I recently wrote a post explaining in brief about the dangers of SQL injections. I ended the post explaining how it was possible to run commands through a search bar in order to access and control a web application’s database. I decided that it would be better if I went a little more in-depth and wrote out what a typical SQL injection attack can look like against an unprotected database.
So, as I wrote in the previous post, let’s pretend that I am a proud owner of a craft supplies store, for arts-and-crafts and fun little projects to do with the kids. My craft store uses PHP and MySQL to access its database of items. In my previous post, I explained the basic way SQL injections are run. Essentially, adding a comment in the right place will allow a hacker to secretly hide commands for PHP to carry out. If you aren’t sure how it works, the basics are all there.
I gave an example of a command to make the database wait a certain amount of seconds before giving a response, which sounds pretty useless. Why waste time making your own hacking process slower? The reason behind it is there is a valid form of SQL injection called a “blind injection”, where one would use SQL injection commands without expecting to get any visible output. What I mean is, for example, to test what kind of RDBMS (relational database management system) software the web app uses. MySQL has a sleep function called SLEEP(), another software may use something like waitForDelay(). By testing out the different functions between different software, a hacker can get a better understanding of what they’re dealing with. Another thing someone could do would be to ask to receive data from a table that they aren’t sure exists, along with a delay. If there is a delay but no output, the hacker will know that the table exists, but the output is hidden somehow.
Let’s say a hacker has happened on my website and wants to steal the passwords that I have stored on it. They can show those passwords by what is called a union. A union is the sandwiching of two tables one under the other, provided they have the same number of columns. The hacker assumes when they type in to search for “popsicle sticks” that the table outputted has three columns, one for the name, price, and quantity of the item. They can test this hypothesis by entering the SQL query
SELECT ? FROM ? WHERE ? LIKE ‘%popsicle stick%‘ UNION (SELECT 1,2,3 FROM dual);— %’;
where the UNION function should output the numbers 1, 2, and 3 as separate columns from the “dual” table. The “dual” table is a blank hypothetical table used for testing in MySQL, which the hacker knows is the software used thanks to the previous injection.
If the result is the numbers 1, 2, and 3 printed out successfully at the bottom of the table, the hacker’s in business. They now know that they can output data to the table, which is world-endingly bad for the creator of the website (me). MySQL has an information schema called information_schema.tables that contains information about the different tables in the program. The hacker can access this by making the SQL query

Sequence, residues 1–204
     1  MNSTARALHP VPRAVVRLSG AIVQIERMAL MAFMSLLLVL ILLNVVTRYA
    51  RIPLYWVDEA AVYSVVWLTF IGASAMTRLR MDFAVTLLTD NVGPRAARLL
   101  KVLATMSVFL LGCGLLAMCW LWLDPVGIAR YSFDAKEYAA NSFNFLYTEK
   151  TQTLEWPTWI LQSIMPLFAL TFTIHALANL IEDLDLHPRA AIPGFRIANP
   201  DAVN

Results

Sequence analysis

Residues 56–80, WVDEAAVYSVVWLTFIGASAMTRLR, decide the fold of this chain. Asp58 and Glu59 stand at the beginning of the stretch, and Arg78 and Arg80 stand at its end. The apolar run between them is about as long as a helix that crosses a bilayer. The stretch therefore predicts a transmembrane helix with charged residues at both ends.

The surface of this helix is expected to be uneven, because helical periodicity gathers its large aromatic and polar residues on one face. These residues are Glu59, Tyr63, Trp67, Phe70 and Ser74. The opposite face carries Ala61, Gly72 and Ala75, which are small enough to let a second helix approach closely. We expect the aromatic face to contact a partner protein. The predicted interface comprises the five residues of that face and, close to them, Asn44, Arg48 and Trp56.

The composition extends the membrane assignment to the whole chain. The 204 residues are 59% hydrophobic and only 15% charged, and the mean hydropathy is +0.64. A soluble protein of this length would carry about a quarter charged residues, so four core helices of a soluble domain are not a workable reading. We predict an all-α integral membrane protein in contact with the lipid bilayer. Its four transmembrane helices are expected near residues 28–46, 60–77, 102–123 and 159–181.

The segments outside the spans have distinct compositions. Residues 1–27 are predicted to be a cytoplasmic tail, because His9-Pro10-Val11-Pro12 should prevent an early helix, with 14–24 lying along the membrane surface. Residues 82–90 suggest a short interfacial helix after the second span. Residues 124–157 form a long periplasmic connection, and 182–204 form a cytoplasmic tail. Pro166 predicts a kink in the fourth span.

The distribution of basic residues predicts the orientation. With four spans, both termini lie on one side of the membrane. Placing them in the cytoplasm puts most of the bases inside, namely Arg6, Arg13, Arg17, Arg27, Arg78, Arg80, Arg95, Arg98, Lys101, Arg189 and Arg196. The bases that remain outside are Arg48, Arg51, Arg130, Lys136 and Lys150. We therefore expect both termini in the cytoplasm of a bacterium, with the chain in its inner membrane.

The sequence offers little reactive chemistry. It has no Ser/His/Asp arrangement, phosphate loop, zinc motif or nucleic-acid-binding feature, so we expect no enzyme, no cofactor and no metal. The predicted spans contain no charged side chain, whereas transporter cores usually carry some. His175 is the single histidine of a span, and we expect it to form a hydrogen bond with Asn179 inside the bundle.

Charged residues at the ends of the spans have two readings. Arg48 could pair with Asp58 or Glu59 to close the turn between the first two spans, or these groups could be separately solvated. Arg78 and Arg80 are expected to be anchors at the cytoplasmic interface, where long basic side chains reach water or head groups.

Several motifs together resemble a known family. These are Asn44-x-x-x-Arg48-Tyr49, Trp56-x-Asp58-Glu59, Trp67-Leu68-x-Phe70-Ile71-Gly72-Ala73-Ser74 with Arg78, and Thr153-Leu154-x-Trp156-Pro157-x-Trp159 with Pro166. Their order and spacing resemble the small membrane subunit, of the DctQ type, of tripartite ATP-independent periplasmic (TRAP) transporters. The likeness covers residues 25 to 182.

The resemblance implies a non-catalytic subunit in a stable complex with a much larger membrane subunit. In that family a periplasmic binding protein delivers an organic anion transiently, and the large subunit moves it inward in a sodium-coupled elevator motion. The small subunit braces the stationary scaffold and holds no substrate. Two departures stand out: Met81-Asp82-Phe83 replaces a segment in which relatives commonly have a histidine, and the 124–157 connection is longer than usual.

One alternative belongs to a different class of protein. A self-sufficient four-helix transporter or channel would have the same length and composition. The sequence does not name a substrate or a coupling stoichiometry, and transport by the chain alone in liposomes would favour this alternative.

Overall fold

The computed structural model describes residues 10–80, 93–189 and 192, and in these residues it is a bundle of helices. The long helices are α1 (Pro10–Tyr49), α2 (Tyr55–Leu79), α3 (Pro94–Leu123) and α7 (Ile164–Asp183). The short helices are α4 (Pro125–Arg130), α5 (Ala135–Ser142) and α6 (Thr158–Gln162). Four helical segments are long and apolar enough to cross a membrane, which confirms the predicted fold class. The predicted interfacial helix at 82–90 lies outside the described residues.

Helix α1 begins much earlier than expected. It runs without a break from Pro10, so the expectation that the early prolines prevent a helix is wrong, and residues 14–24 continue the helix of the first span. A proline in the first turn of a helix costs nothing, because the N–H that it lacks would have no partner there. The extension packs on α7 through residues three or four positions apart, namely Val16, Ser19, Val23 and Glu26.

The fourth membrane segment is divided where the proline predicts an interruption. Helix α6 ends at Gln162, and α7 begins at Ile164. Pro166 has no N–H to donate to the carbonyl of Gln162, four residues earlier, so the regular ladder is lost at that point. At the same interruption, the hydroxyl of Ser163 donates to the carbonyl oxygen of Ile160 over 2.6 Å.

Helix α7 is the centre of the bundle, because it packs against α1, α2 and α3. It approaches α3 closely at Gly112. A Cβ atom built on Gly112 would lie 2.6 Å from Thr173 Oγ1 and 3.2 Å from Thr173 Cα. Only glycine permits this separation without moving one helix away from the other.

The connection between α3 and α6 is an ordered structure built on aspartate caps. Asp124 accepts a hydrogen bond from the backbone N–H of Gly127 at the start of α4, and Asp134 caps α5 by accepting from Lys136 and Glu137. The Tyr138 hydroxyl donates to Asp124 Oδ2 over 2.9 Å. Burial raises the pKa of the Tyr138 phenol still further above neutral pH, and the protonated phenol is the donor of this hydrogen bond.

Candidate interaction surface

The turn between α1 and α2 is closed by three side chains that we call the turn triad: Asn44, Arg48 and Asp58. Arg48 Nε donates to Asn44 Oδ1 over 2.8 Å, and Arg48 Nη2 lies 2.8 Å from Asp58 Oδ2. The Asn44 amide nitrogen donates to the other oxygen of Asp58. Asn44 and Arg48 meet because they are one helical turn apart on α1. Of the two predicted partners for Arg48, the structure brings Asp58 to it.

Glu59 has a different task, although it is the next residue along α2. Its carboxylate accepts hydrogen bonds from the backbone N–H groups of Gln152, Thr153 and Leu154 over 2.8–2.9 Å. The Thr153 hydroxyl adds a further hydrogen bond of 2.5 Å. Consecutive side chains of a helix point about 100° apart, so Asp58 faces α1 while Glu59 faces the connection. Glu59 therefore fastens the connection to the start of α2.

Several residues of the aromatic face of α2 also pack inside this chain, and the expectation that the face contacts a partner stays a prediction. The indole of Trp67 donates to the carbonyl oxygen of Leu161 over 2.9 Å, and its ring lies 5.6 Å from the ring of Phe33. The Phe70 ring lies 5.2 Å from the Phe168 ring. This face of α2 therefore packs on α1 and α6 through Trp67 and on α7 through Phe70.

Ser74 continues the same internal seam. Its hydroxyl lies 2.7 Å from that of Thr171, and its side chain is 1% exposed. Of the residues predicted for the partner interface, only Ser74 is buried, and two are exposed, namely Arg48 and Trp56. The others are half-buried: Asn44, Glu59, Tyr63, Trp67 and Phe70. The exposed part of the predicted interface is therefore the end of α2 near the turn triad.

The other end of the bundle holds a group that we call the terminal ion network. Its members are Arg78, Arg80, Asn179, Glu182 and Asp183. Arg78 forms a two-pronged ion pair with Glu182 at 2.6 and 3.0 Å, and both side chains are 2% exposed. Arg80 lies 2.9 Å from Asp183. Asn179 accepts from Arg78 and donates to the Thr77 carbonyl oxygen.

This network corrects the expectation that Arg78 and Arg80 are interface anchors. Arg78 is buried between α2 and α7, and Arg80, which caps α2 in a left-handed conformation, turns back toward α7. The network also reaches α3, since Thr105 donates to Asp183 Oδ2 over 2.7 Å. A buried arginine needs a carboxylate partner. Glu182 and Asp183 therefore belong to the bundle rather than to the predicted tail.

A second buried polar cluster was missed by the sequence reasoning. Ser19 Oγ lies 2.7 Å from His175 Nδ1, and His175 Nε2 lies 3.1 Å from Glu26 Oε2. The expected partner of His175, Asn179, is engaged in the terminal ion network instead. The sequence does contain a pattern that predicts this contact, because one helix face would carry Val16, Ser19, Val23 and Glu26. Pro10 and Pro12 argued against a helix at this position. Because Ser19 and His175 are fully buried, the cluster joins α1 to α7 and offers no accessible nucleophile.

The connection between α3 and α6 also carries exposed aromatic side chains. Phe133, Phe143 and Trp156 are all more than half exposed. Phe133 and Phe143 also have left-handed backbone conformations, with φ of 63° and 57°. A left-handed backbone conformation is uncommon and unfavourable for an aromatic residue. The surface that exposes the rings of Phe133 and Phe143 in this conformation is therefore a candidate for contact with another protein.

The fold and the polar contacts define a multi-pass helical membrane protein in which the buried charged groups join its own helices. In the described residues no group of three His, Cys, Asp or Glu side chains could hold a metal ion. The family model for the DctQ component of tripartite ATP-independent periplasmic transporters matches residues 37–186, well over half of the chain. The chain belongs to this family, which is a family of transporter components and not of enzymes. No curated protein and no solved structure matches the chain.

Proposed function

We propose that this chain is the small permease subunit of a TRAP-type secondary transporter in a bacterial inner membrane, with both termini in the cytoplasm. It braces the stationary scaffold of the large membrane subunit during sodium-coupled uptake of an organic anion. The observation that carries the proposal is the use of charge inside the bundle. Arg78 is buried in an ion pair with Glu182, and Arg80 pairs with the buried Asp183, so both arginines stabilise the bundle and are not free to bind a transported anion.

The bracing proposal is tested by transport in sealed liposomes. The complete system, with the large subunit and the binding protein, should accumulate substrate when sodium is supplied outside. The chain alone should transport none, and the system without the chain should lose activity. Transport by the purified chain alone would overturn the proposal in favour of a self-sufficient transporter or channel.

SELECT ? FROM ? WHERE ? LIKE ‘%popsicle stick%‘ UNION (SELECT TABLE_NAME, TABLE_SCHEMA, 3 FROM information_schema.tables);— %’;
which will output the table name, what kind of table it is, and the number 3, because the number of columns has to be the same always.
The hacker will scroll through the many different table names and find a table that I created called “users”, which is where I could keep all of my different user data, maybe, we’ll see (yes, of course, don’t you worry). The hacker doesn’t want to simply union this new table onto the current one because there may be a different number of columns than 3. They would instead write an SQL query of something like this
SELECT ? FROM ? WHERE ? LIKE ‘%popsicle stick%‘ UNION (SELECT COLUMN_NAME, 2, 3 FROM information_schema.columns WHERE TABLE_NAME = ‘users’);— %’;
which will output the different column names from that table.
From the columns, the hacker will find a column named “userPasswords”, which they can output with an SQL query, and then dump onto the internet.
This was just one way in which a hacker can use SQL injections to gain access to personal information on unprotected sites. It’s quite a bit like cracking a puzzle, and just like doing puzzles, along with most other intellectual things, a robot can most likely do it better. This is why, as a side note, always remember to have some sort of spam protection, so that your website isn’t bombarded with thousands of SQL hack attempts.